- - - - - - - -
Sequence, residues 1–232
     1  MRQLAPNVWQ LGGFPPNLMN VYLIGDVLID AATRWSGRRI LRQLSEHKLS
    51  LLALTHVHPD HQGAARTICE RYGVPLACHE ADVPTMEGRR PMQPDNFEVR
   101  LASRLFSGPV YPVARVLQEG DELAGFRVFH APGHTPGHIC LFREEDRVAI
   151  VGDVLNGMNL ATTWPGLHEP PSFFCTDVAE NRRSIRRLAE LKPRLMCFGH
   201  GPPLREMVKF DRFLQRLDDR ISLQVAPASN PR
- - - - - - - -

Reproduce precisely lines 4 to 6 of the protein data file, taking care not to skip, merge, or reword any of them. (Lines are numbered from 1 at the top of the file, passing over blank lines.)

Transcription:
   101  LASRLFSGPV YPVARVLQEG DELAGFRVFH APGHTPGHIC LFREEDRVAI
   151  VGDVLNGMNL ATTWPGLHEP PSFFCTDVAE NRRSIRRLAE LKPRLMCFGH
   201  GPPLREMVKF DRFLQRLDDR ISLQVAPASN PR